Вы находитесь на странице: 1из 6
www.ijhsr.org International Journal of Health Sciences and Research ISSN: 2249-9571
www.ijhsr.org International Journal of Health Sciences and Research ISSN: 2249-9571
www.ijhsr.org International Journal of Health Sciences and Research ISSN: 2249-9571
www.ijhsr.org International Journal of Health Sciences and Research ISSN: 2249-9571
www.ijhsr.org International Journal of Health Sciences and Research ISSN: 2249-9571

International Journal of Health Sciences and Research

ISSN: 2249-9571

Case Report

Nasolabial Cyst- A Case Report with Review of Literature

Amitkumar Bapuso Pandav 1*@ , Alka V. Gosavi 1** , Dhaneshwar N. Lanjewar 1***

* Assistant professor, ** Associate Professor, *** Professor & Head 1 Department of Pathology, Government Medical College, Miraj-416410 Maharashtra, India

@ Correspondence Email: dramitpandav@gmail.com

Received: 18/12//2011

ABSTRACT

Revised: 30/12/2011

Accepted: 30/12/2011

Nasolabial cyst is a rare extraosseous lesion normally appearing beneath the ala of the nose on the maxillary alveolar process. In this report we present a case of 63-year-old women having a nontender, fluctuant, soft, cystic lesion in left gingiviolabial sulcus. Based on the history, clinical findings and radiological features, a provisional diagnosis of a nasolabial cyst was made, which was later confirmed by histopathological examination.

Key-words: Nasolabial cyst, Nasoalveolar cyst

INTRODUCTION

Nasolabial cyst is also called as Nasoalveolar cyst, Klestadt’s cyst or Mucous cyst. It was first described by Zuckerkandl in 1882. [1] Only few cases have been reported in the world literature. This cyst is usually unilateral, but may be bilateral. It is located lateral to the midline in the region of the maxillary lip and alar base and occurs more commonly in females. [2] The histological structure of the cyst was described by Brown Kelly in 1982. [1] It is classified as a nonodontogenic soft tissue cyst. As the alveolus is not involved, the

term nasolabial is preferred to Nasoalveolar.

[3]

Case History:

63-year-old women presented with a swelling at the base of the left ala of nose of about seven month duration. There was history of gradual enlargement of swelling producing nasal obstruction. On palpation the lesion was approximately 2.5 cm, fluctuant, nonmobile and nontender. The clinical diagnosis of nasolabial cyst was made by evaluating the clinical examination and radiographic features (Figure1). The cyst was removed completely under general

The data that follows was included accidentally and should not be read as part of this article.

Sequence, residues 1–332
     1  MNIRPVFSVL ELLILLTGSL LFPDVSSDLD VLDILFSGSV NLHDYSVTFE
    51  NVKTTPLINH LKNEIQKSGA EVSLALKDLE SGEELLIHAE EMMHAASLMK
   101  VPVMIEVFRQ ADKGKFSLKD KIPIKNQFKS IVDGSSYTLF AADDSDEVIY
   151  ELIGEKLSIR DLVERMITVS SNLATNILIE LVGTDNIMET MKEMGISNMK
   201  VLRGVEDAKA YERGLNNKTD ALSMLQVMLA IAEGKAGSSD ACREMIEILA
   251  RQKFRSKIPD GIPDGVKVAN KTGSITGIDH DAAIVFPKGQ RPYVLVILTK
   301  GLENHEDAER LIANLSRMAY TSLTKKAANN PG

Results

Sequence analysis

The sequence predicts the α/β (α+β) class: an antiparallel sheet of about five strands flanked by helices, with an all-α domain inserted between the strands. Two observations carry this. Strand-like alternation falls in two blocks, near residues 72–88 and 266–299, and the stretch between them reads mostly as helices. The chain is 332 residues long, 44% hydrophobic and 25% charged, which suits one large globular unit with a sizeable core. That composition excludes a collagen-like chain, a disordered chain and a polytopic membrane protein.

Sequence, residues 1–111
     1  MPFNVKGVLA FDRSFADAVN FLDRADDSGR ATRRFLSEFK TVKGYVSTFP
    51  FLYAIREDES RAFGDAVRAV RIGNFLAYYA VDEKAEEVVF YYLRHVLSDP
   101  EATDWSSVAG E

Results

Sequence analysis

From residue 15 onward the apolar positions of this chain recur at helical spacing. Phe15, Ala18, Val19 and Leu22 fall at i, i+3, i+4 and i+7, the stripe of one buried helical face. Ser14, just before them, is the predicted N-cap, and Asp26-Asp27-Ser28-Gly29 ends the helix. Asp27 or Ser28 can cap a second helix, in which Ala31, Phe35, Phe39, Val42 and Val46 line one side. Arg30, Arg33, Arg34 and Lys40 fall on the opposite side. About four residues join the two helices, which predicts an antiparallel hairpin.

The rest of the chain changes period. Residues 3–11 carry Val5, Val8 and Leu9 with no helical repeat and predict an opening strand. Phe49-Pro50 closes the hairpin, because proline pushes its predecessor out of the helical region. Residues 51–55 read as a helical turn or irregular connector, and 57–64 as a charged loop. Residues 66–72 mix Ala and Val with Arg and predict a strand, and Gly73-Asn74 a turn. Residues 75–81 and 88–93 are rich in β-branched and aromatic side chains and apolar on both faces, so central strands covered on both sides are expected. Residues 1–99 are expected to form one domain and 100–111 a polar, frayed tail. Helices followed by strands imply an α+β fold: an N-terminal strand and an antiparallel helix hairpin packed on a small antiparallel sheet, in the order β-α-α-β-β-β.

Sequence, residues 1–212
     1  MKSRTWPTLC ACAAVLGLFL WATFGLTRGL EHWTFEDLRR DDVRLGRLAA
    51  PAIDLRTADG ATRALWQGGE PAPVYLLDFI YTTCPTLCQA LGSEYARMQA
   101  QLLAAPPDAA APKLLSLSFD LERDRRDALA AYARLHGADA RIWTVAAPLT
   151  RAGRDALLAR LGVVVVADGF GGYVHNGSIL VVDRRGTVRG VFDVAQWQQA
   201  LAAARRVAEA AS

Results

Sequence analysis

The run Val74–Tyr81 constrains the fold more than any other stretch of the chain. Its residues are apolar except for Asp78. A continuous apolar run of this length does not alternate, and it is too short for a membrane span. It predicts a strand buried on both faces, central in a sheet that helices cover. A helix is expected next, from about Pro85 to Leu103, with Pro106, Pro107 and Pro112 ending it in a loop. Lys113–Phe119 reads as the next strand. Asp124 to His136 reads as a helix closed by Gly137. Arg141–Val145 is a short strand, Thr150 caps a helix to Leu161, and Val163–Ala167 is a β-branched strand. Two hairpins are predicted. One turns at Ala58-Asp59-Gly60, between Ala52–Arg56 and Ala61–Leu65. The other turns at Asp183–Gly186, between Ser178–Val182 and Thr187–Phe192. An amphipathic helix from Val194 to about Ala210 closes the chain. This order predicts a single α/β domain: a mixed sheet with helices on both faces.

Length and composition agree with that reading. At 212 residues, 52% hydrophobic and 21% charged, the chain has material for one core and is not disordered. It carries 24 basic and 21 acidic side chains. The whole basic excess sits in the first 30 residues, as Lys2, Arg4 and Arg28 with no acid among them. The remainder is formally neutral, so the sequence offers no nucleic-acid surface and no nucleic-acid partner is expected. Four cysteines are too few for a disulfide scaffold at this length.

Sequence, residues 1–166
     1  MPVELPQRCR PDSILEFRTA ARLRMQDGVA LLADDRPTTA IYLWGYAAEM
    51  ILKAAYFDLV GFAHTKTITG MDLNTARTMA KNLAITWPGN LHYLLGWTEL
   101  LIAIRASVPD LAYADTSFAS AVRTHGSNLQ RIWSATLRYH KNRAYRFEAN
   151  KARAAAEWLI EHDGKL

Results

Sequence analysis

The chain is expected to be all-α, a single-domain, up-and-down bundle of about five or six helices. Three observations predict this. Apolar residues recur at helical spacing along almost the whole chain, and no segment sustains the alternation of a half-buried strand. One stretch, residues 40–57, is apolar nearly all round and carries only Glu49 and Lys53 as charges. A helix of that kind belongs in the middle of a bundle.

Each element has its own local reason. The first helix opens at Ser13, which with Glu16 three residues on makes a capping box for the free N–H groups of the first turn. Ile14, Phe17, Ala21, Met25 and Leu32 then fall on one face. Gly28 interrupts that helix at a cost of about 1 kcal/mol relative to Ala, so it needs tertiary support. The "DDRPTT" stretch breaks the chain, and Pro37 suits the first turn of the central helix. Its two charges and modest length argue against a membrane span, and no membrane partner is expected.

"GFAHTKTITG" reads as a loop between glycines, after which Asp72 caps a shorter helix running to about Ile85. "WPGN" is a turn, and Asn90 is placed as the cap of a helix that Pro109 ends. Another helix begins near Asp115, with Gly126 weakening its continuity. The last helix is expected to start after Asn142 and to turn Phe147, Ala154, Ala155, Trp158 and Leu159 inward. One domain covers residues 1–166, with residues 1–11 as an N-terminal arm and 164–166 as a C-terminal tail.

(Figure1). The cyst was removed completely under general International Journal of Health Sciences & Research
(Figure1). The cyst was removed completely under general International Journal of Health Sciences & Research

International Journal of Health Sciences & Research (www.ijhsr.org) Vol.1; Issue: 2; Jan.2012

161

anaesthesia via sub labial approach. On gross examination the cyst was 2.5 cms in diameter containing brownish fluid. The cyst wall was thin with smooth inner surface. Microscopic examination revealed a fibrocollagenous cyst wall lined in areas

FIGURES:

with pseudo-stratified columnar epithelium containing goblet cells and in other areas by stratified squamous epithelium (Figure2 and

Figure3).

by stratified squamous epithelium (Figure2 and Figure3). Figure1 – X-Ray of skull, do not show skeletal

Figure1

X-Ray of skull, do not show skeletal abnormality.

– X-Ray of skull, do not show skeletal abnormality. International Journal of Health Sciences & Research
– X-Ray of skull, do not show skeletal abnormality. International Journal of Health Sciences & Research

International Journal of Health Sciences & Research (www.ijhsr.org) Vol.1; Issue: 2; Jan.2012

162

Figure2 - Shows cyst lined by pseudostratified columnar and stratified squamous epithelium (H and E

Figure2 -

Shows cyst lined by pseudostratified columnar and stratified squamous epithelium (H and E x 100).

columnar and stratified squamous epithelium (H and E x 100). Figure 3 - Cyst lined by

Figure 3 - Cyst lined by pseudostratified columnar epithelium with goblet cells (H and E x 400).

columnar epithelium with goblet cells (H and E x 400). International Journal of Health Sciences &
columnar epithelium with goblet cells (H and E x 400). International Journal of Health Sciences &

International Journal of Health Sciences & Research (www.ijhsr.org) Vol.1; Issue: 2; Jan.2012

163

DISCUSSION

Nasolabial cysts are nonodontogenic masses that arise in maxillofacial soft tissues. Review of literature shows that the Nasolabial cysts are rare lesions accounting for 0.7% of all the cysts in the maxillo-facial region and 2.5% of all non-odontogenic cysts. [4] However, Allard found only three cases in 65,000 patients (<0.01%). El-Din andel-Hamd (1999) found eight cases in a population of 500000 in one year; Vasconcelos et al. (1999), identified only 15 examples among 12591 biopsy specimens over a 32-year period and the 18 cases reported by Choi et al. (2002) were seen over a period of 12 years. [1,3] Very few cases have been reported from India. [4,5] The age distribution ranges from 12 to 75 years with a peak frequency in the fourth and fifth decades. There is a considerable preponderance of women with nasolabial cysts, compared with men. [1,3] There are two theories on the genesis of the cysts. The first was proposed by Klestadt in 1913 who theorized that the cyst arises from trapped epithelium at the fusion point between the maxilla, medical nasal wall and lateral nasal process. The second theory put forward by Bruggemann (1920) proposes that the cysts arise from an epithelial remnant of the embryonic nasolacrimal duct. This second theory is supported by the finding that most of the cysts are lined by a Pseudostratified epithelium is the type of epithelium found in the nasolabial cyst wall. [1,2,3] Nasolabial cysts are smooth fluctuant soft tissue swelling between the upper lip and nasal aperture with obliteration of the nasolabial fold and elevation of the nasal ala. [6] The clinical differential diagnosis of the cyst includes odontogenic cysts, epidermal inclusion cyst, periapical cysts, periapical granulomas, periapical abscess,